Hundreds of pay phone booths across the city will soon be transformed into "smart screen " stations as part of a pilot program, according to the New York Post.
Next month, 250 phone booths across the five boroughs will be outfitted with 32-inch smart screens with Internet connections, the Post reports.
They'll display local neighborhood information, including lists of nearby restaurants and store sales, as well as traffic updates, landmark information and safety alerts, all in multiple languages.
The free touch-screen technology will also feature on-screen 311 icons that will allow users to file complaints or request city information.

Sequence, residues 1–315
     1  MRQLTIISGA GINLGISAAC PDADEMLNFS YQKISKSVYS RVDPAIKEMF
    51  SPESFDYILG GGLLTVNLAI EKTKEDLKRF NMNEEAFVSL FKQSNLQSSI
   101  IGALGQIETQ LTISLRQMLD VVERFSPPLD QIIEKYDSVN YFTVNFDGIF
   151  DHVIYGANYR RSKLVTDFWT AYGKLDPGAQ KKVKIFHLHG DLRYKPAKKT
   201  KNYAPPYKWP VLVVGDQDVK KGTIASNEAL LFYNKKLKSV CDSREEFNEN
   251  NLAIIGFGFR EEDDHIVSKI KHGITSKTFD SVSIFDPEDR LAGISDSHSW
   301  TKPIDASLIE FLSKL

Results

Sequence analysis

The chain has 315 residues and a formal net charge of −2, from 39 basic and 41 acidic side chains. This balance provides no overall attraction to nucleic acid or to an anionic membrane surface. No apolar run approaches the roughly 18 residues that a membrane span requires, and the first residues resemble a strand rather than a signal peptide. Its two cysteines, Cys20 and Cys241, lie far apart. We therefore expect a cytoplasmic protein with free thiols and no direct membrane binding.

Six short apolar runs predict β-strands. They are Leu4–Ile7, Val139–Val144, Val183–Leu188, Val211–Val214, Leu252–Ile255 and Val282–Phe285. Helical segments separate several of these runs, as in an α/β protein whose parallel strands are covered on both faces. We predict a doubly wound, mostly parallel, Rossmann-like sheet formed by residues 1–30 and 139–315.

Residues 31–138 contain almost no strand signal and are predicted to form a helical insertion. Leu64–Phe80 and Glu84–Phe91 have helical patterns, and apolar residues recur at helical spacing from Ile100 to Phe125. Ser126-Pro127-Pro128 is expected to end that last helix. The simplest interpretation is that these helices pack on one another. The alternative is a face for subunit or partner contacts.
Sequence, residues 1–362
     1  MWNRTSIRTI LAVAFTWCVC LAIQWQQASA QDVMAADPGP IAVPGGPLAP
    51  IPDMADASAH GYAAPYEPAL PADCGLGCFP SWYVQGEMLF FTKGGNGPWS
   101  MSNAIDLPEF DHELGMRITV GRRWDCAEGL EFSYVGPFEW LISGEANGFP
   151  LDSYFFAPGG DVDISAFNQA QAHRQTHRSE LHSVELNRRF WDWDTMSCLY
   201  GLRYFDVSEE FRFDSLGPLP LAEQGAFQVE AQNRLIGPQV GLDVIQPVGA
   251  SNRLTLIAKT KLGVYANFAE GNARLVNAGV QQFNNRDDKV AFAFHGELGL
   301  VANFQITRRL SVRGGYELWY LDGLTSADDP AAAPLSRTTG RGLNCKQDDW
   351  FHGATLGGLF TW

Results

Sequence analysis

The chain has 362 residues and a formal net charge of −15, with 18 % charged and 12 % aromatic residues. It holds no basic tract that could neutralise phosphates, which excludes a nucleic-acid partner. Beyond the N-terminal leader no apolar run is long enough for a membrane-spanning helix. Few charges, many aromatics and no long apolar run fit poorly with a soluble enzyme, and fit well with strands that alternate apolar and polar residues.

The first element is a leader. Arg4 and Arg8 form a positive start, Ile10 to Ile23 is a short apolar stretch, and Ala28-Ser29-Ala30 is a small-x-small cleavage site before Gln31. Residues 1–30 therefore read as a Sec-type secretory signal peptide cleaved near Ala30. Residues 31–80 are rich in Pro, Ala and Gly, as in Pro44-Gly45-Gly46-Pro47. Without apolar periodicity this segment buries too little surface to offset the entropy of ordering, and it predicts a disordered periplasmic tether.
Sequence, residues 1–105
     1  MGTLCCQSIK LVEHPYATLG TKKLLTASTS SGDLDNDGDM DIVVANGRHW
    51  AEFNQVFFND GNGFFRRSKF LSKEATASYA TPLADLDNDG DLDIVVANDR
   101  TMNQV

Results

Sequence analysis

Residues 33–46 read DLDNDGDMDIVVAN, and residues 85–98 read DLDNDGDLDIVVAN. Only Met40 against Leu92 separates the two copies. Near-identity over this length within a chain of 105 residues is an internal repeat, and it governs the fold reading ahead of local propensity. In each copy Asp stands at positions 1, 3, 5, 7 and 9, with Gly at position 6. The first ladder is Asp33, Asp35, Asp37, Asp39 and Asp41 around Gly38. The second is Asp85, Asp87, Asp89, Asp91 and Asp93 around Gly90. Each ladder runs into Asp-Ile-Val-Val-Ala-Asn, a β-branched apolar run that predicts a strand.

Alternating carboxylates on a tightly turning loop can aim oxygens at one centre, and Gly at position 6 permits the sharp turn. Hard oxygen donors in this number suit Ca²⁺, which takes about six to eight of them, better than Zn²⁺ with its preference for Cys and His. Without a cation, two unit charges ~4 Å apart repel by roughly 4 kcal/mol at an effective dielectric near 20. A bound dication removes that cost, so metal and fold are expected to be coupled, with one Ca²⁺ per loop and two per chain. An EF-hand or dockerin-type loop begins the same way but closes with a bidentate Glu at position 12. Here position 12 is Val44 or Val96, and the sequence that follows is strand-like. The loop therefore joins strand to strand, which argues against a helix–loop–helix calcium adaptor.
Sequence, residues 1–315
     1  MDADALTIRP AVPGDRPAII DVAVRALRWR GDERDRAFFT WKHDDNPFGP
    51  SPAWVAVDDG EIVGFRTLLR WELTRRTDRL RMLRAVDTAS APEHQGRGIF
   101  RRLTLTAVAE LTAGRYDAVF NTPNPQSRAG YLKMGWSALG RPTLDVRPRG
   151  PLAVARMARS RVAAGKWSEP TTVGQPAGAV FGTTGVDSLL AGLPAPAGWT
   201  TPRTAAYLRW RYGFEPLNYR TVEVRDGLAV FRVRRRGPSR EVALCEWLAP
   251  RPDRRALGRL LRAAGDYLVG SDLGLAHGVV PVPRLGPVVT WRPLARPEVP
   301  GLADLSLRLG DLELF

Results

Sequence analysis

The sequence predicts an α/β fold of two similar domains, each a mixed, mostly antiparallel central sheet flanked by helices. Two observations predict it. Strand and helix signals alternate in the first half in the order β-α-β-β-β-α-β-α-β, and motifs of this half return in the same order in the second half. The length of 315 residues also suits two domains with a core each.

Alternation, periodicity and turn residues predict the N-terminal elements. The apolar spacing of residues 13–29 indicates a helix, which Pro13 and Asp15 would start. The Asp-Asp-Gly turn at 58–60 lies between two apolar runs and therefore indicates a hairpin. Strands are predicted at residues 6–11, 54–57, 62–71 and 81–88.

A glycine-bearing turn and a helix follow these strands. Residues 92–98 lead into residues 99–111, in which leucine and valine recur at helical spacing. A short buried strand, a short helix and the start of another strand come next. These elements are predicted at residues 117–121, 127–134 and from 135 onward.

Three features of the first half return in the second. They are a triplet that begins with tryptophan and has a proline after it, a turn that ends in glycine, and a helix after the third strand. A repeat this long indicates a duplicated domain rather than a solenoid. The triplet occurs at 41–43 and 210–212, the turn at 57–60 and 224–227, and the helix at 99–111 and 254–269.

City 24x7, the company that will install and maintain the smart screens, says they're built to be cleaned with a jet hose, and promise they'll be more sanitary than an ATM.
They're waterproof and dust-proof, adds company CEO Tom Touchet.
The smart screens will eventually be wired to make Skype calls, log onto email accounts and serve as WiFi hotspots, but they'll have protected search capabilities, the Post says.
The screens cost the city nothing and will eventually bring in revenue through advertising.
They could eventually replace all of the city's 12,800 outdoor pay phones, whose franchise contracts with the city expire in October 2014, the newspaper reports.
The city is also installing computer kiosks underground, as in subway stations, a city spokesman told the Post. Those 22-inch screens will be equipped with cameras for video applications and will have electrical outlets for charging phones.
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